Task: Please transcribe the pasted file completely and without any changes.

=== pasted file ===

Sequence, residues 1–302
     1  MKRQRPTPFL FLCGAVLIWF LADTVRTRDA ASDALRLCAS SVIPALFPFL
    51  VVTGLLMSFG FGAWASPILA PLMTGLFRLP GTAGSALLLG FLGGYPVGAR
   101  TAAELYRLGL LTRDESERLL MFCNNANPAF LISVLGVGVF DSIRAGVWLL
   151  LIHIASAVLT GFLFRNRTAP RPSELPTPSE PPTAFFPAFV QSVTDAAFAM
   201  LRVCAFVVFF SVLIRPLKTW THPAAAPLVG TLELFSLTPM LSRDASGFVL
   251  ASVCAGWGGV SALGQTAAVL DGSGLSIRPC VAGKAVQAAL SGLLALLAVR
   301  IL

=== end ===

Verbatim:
Sequence, residues 1–302
     1  MKRQRPTPFL FLCGAVLIWF LADTVRTRDA ASDALRLCAS SVIPALFPFL
    51  VVTGLLMSFG FGAWASPILA PLMTGLFRLP GTAGSALLLG FLGGYPVGAR
   101  TAAELYRLGL LTRDESERLL MFCNNANPAF LISVLGVGVF DSIRAGVWLL
   151  LIHIASAVLT GFLFRNRTAP RPSELPTPSE PPTAFFPAFV QSVTDAAFAM
   201  LRVCAFVVFF SVLIRPLKTW THPAAAPLVG TLELFSLTPM LSRDASGFVL
   251  ASVCAGWGGV SALGQTAAVL DGSGLSIRPC VAGKAVQAAL SGLLALLAVR
   301  IL